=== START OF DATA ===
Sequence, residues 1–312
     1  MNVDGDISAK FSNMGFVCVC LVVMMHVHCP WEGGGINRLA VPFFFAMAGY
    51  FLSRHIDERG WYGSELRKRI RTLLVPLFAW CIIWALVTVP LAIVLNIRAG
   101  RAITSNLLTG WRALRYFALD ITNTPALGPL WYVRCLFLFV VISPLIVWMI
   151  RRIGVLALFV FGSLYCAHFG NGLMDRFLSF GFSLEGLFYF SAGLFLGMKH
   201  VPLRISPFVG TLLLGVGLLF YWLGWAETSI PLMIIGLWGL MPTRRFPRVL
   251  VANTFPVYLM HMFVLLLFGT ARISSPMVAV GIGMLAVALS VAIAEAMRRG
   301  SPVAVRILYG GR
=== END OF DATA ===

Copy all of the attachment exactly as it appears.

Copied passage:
Sequence, residues 1–312
     1  MNVDGDISAK FSNMGFVCVC LVVMMHVHCP WEGGGINRLA VPFFFAMAGY
    51  FLSRHIDERG WYGSELRKRI RTLLVPLFAW CIIWALVTVP LAIVLNIRAG
   101  RAITSNLLTG WRALRYFALD ITNTPALGPL WYVRCLFLFV VISPLIVWMI
   151  RRIGVLALFV FGSLYCAHFG NGLMDRFLSF GFSLEGLFYF SAGLFLGMKH
   201  VPLRISPFVG TLLLGVGLLF YWLGWAETSI PLMIIGLWGL MPTRRFPRVL
   251  VANTFPVYLM HMFVLLLFGT ARISSPMVAV GIGMLAVALS VAIAEAMRRG
   301  SPVAVRILYG GR